Another month in the rear view mirror, so that must mean it’s time for another monthly stats preview. Most of the charts below are based on broad county-wide data that is available through a simple search of King County and Snohomish County public records. If you have additional stats you’d like to see in the preview, drop a line in the comments and I’ll see what I can do.
First up, total home sales as measured by the number of “Warranty Deeds” filed with King County:
I love how January through June, 2010’s blue bars are quite a bit higher than the 2009 red bars. Then all of a sudden in July, something happens, pushing the blue bars far below the red bars. Who could have possibly predicted such a dramatic and sudden turn of events! The number of Warranty Deeds filed in November were down 26% from a year ago, so we can likely expect to see another similar drop in SFH sales over the same period. Based on this data, I suspect we’ll see NWMLS-reported SFH closed sales for November get a sudden boost of late-reported sales, coming in at around 1,100. No doubt this will easily be the second-lowest November on record, only beaten by November 2008, when the whole world was in a major financial panic.
Here’s a long-range view of King County Warranty Deeds, to give you a little more context:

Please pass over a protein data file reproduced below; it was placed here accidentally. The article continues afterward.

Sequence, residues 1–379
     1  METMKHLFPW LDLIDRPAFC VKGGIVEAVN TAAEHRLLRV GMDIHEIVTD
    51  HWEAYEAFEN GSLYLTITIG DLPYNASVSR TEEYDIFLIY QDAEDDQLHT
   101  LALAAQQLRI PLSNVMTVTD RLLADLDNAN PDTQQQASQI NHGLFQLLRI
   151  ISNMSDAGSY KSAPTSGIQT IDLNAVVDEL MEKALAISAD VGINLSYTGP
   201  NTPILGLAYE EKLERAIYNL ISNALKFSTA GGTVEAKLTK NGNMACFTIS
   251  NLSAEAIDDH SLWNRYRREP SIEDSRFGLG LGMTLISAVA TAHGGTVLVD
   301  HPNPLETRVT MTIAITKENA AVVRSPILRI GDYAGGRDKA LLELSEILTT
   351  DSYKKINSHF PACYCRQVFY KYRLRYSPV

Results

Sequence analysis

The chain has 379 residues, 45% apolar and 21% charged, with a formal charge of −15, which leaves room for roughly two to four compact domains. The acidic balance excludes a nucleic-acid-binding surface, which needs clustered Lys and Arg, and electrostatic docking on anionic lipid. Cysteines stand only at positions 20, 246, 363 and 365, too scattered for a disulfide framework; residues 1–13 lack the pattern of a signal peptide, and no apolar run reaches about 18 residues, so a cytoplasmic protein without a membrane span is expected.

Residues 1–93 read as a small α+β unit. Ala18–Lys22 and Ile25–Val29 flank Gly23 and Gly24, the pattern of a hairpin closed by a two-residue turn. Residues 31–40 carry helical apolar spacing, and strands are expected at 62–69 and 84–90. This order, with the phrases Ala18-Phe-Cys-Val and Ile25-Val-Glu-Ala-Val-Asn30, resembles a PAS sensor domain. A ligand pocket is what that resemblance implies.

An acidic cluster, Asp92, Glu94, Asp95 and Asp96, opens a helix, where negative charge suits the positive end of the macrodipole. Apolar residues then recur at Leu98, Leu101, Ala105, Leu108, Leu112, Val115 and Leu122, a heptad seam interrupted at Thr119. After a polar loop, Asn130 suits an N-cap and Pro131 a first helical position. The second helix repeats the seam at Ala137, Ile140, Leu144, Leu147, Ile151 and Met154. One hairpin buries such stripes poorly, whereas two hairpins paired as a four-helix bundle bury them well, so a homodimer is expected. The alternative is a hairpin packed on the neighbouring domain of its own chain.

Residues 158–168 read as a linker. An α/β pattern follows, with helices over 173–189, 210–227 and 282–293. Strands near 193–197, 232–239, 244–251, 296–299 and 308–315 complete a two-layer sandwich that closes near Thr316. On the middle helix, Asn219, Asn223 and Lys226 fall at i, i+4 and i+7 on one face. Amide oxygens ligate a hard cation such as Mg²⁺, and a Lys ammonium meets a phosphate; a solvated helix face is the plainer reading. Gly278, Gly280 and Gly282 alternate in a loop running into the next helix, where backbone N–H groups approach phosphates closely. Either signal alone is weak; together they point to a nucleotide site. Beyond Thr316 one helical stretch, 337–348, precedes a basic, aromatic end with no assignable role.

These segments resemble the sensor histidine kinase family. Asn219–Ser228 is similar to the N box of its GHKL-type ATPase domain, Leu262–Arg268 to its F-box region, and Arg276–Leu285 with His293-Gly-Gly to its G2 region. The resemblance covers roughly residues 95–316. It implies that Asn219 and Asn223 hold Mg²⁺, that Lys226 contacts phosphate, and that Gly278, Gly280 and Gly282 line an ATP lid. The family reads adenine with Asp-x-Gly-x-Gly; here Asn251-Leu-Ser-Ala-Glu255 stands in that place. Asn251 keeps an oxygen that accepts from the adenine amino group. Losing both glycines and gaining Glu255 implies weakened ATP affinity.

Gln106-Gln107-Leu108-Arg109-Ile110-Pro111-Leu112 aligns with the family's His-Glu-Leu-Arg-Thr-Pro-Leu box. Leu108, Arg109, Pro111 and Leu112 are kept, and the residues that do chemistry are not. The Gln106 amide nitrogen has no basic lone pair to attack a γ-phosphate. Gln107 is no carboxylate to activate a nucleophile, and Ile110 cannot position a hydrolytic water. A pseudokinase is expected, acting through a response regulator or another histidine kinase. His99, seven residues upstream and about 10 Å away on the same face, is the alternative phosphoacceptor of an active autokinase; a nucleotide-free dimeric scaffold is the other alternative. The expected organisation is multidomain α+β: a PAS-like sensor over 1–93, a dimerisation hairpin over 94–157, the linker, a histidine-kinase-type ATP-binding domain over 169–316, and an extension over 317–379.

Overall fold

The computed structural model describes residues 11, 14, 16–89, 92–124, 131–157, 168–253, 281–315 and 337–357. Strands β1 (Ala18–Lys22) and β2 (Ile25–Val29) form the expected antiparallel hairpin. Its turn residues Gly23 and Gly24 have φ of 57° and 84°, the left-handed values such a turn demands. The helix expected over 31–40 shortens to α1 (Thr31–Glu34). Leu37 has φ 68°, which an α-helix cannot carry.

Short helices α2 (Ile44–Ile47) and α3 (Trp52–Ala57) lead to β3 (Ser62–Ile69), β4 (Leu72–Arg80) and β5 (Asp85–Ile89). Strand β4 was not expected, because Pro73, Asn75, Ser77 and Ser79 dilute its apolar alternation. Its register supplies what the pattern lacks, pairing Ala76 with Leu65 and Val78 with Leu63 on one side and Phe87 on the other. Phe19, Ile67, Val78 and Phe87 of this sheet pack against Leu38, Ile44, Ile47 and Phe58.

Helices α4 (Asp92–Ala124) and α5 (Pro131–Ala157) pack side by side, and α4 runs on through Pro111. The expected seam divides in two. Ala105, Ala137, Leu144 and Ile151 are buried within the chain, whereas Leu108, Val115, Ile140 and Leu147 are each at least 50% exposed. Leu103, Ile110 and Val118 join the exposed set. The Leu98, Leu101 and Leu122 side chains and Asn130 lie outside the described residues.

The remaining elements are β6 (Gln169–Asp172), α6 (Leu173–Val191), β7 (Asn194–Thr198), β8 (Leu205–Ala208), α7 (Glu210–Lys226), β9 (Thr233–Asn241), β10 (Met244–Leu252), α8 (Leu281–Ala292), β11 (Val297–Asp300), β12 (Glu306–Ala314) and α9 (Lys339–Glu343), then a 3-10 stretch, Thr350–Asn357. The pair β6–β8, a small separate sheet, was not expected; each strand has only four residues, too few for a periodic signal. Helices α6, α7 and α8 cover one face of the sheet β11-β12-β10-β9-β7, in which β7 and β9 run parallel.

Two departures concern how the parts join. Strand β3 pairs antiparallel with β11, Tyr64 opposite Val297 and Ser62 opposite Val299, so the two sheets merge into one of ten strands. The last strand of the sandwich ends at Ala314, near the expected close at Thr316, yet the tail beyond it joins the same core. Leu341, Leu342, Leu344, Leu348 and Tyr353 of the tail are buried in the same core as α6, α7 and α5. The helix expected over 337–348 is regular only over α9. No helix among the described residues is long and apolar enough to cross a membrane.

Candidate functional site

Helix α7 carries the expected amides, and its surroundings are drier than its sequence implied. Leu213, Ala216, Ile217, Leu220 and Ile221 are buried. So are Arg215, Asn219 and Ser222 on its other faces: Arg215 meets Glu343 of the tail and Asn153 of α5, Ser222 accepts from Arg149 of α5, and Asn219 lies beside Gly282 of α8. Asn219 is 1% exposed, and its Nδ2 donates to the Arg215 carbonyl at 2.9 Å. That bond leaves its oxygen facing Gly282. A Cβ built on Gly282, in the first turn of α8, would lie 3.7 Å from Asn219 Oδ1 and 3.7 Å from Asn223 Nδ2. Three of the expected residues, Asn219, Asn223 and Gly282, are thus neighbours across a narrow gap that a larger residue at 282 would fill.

Here’s a look at Snohomish County Deeds, but keep in mind that Snohomish County files Warranty Deeds (regular sales) and Trustee Deeds (bank foreclosure repossessions) together under the category of “Deeds (except QCDS),” so this chart is not as good a measure of plain vanillla sales as the Warranty Deed only data we have in King County.
Deeds in Snohomish County fell yet again month to month and year over year. Last month a 15% YOY drop in Deeds corresponded to a 25% drop on SFH sales. A similar relationship between the two this month would lead to a 26% YOY drop in SFH sales in November.
Next, here’s Notices of Trustee Sale, which are an indication of the number of homes currently in the foreclosure process:
Big month over month drop in King County, but still up 14% year over year. Could this be the result of the “foreclosure freeze” we had a couple months ago? If so, expect to see foreclosures jump back up again next month.
Here’s another measure of foreclosures for King County, looking at Trustee Deeds, which is the type of document filed with the county when the bank actually repossesses a house through the trustee auction process. Note that there are other ways for the bank to repossess a house that result in different documents being filed, such as when a borrower “turns in the keys” and files a “Deed in Lieu of Foreclosure.”
Notable month to month drop there too, but still coming in higher than a year ago.
Lastly, here’s an approximate guess at where the month-end inventory was, based on our sidebar inventory tracker (powered by Estately):
Not falling as fast as I would expect for this time of year. Perhaps an indication of more “must-sell” inventory than in past years? I suppose bank-owned inventory is less likely to be pulled off the market for the winter as well, so that could be another possible explanation.
Stay tuned later this month a for more detailed look at each of these metrics as the “official” data is released from various sources.